Review copy was received from Publisher. This does not affect my opinion of the book or the content of my review.
The Archived by Victoria Schwab
Narrator: Piper Goodeve
Series: The Archived #1
Published by Tantor Audio on April 30, 2019
Genres: Young Adult, Fantasy
Length: 9 hours, 54 minutes
Amazon, Audible, Audiobook, Barnes & Noble
Imagine a place where the dead rest on shelves like books.
Each body has a story to tell, a life seen in pictures only Librarians can read. The dead are called Histories, and the vast realm in which they rest is the Archive.
Da first brought Mackenzie Bishop here four years ago, when she was twelve years old, frightened but determined to prove herself. Now Da is dead, and Mac has grown into what he once was: a ruthless Keeper, tasked with stopping often violent Histories from waking up and getting out. Because of her job, she lies to the people she loves, and she knows fear for what it is: a useful tool for staying alive.
Being a Keeper isn't just dangerous—it's a constant reminder of those Mac has lost, Da's death was hard enough, but now that her little brother is gone too, Mac starts to wonder about the boundary between living and dying, sleeping and waking. In the Archive, the dead must never be disturbed. And yet, someone is deliberately altering Histories, erasing essential chapters. Unless Mac can piece together what remains, the Archive itself may crumble and fall.
In this haunting, richly imagined novel, Victoria Schwab reveals the thin lines between past and present, love and pain, trust and deceit, unbearable loss and hard-won redemption.
Victoria Schwab has a very creative mind and builds on some really interesting premises, like; what if there was a library of sorts for dead people, where the bodies/records are kept on shelves asleep and what if sometimes those bodies get up and try to get back out into the world? See, very interesting premise.
Mackenzie is a keeper, which means that every once and awhile a name appears on a piece of papers and she is responsible to go to a place in-between the world and the Library to collect the escaped history, which is really the body of a dead person, who has woken up and made their way out of the Library.
That is her job, one she must keep a secret and one that is about to get harder as the new place her family has moved to has a lot more action in the in-between places than her previous home. It is a little lonely but it does come with some cool benefits and drawbacks as Mac sees things when she touches a place or person, she can read them, so to speak. Pretty cool superpower if you ask me, except it makes it really hard to touch people when you always hear their essence, especially your parents who are still reeling from the death of a child.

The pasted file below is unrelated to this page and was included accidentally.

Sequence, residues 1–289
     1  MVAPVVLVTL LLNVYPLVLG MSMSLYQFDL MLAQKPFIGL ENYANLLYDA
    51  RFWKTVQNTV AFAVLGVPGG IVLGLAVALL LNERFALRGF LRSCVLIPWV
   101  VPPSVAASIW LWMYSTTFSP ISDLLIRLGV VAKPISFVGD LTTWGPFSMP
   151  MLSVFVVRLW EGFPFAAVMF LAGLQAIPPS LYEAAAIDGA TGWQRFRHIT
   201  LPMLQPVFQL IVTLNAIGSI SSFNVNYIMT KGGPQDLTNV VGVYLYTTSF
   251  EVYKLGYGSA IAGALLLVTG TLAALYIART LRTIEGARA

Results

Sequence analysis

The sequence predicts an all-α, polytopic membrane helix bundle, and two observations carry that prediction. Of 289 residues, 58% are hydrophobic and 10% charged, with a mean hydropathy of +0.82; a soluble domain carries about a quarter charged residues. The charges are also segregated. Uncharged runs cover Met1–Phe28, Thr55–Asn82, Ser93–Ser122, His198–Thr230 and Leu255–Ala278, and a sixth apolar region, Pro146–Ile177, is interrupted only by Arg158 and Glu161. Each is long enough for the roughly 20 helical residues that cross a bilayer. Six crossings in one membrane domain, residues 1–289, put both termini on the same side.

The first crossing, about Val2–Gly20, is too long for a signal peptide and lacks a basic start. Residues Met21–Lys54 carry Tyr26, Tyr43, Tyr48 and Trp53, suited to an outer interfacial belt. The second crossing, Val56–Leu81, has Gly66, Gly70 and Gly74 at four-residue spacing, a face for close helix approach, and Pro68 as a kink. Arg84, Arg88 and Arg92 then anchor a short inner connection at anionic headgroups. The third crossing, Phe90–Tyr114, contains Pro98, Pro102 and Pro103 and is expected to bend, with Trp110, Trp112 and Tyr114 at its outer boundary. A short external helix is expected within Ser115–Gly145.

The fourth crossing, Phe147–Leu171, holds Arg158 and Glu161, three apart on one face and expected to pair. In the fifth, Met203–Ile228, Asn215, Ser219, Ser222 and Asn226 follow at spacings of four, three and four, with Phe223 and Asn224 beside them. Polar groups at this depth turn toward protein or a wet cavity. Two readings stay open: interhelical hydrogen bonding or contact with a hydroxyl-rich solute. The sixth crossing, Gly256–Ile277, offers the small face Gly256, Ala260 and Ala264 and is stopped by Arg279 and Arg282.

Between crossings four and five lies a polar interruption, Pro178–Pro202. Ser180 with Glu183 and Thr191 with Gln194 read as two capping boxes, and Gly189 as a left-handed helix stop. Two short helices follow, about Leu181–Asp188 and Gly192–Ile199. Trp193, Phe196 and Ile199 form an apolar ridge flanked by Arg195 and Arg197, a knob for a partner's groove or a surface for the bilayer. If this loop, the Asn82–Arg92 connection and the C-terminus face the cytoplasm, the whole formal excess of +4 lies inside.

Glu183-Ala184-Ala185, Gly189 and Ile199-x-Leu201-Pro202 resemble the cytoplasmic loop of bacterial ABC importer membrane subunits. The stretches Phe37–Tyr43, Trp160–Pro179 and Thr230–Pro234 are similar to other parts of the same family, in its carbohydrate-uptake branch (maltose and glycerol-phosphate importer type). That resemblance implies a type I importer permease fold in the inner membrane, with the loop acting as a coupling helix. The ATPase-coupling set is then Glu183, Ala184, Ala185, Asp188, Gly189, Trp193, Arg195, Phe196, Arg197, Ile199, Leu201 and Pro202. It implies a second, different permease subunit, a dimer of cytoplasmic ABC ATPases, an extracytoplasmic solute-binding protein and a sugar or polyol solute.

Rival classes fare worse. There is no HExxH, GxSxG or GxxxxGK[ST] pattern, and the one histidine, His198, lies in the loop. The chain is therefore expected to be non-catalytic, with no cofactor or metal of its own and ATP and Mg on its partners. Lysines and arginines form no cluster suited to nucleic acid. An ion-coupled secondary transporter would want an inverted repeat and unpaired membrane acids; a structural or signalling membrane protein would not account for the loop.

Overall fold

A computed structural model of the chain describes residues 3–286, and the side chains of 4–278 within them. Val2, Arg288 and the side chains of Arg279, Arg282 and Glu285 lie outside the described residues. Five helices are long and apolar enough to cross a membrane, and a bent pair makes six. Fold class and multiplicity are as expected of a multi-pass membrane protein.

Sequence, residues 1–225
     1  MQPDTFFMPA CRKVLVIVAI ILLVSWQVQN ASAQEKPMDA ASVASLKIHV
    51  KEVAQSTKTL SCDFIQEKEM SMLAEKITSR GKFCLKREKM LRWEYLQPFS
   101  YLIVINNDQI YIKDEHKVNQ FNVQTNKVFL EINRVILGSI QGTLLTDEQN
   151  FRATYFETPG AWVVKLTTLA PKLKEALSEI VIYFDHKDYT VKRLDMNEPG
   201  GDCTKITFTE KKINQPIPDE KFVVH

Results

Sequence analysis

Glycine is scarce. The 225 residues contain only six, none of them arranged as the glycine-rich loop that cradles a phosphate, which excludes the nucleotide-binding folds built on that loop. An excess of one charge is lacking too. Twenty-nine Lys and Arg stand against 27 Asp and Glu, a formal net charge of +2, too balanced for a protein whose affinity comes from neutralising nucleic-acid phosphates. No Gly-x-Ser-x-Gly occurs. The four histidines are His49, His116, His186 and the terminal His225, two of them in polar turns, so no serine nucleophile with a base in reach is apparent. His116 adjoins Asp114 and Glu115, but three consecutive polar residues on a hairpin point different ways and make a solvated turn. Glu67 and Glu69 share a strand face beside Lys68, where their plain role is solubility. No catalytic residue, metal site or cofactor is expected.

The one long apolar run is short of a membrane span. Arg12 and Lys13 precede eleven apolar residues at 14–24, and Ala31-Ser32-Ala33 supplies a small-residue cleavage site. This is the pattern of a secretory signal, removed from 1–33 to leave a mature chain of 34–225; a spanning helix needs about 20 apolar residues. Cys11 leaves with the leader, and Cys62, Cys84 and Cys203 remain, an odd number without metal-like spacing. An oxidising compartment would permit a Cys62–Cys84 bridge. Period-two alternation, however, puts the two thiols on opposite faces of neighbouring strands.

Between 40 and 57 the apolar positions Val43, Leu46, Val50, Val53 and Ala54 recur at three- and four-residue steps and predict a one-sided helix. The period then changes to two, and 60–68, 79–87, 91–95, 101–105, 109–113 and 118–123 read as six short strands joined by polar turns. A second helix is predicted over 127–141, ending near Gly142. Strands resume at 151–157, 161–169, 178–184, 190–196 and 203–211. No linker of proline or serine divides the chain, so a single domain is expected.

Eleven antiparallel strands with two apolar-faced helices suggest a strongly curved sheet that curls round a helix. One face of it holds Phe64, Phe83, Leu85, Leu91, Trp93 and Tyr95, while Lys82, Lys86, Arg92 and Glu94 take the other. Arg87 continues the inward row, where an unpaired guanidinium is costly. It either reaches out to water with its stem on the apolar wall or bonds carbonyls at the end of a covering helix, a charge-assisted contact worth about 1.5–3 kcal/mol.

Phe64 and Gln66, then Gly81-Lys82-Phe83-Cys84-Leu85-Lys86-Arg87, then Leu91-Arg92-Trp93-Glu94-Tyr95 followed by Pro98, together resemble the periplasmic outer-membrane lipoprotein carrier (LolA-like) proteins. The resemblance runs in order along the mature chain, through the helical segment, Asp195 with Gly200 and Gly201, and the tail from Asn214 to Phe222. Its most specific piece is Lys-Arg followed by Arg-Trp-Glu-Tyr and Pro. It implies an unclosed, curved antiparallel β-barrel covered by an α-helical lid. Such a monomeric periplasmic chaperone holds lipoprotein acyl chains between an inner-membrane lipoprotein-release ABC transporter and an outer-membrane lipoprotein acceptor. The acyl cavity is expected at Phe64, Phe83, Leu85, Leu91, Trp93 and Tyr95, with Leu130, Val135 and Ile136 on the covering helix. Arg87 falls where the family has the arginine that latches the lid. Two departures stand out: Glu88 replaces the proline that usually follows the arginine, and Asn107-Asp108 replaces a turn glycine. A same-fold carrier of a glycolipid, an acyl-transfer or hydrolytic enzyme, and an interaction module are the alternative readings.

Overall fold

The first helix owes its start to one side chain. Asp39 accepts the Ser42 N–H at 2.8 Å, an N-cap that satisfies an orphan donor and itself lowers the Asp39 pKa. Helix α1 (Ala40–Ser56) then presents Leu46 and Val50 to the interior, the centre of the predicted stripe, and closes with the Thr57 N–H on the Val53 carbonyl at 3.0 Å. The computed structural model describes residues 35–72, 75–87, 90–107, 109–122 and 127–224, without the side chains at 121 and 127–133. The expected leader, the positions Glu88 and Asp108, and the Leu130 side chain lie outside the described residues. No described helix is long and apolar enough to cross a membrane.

“The silliest things shatter you. A T-shirt discovered behind the washing machine. A toy that rolled under a cabinet in the garage, forgotten until someone drops something and goes to fetch it, and suddenly they’re on the concrete floor sobbing into a dusty baseball mitt.”
This fresh start her family wants is in an old hotel converted to an apartment building years ago after WWII. It seems full of mysteries, including who killed a girl in the apartment Mac now shares with her parents and why are the number of Histories escaping the Library starting to increase at a staggering pace.
The first half of the book with all the set up and backstory building did seem to take some time. For me, the story really didn’t get moving until the second half of the book when all the players have been introduced and parts or both the murder mystery and how it might be tied to the Archive are teased out. Then it is a fast read as I pushed through to figure out the mystery.
There are even a few guys in Mac’s life, but don’t worry- there isn’t really any love triangle situation. I do like that Mac finds someone else in her line of work she can talk to, since for a long time in the book she seemed so alone and Wesley is a lot of fun. Don’t let the pretty boy façade and eyeliner fool you, the guy has a lot of smarts and wit about him. He is a great compliment to the sometimes-somber Mac.
Overall this was an interesting story containing an inventive idea, likable characters, solid plotline and intriguing mystery.
“Because the only way to truly record a person is not in words, not in still frames, but in bone and skin and memory.”
Piper was really good at portraying Mackenzie. She made it easy to empathize with her and I liked her performance of this audio. I listened to this at my normal 1.5x speed.
Listen to a clip: HERE
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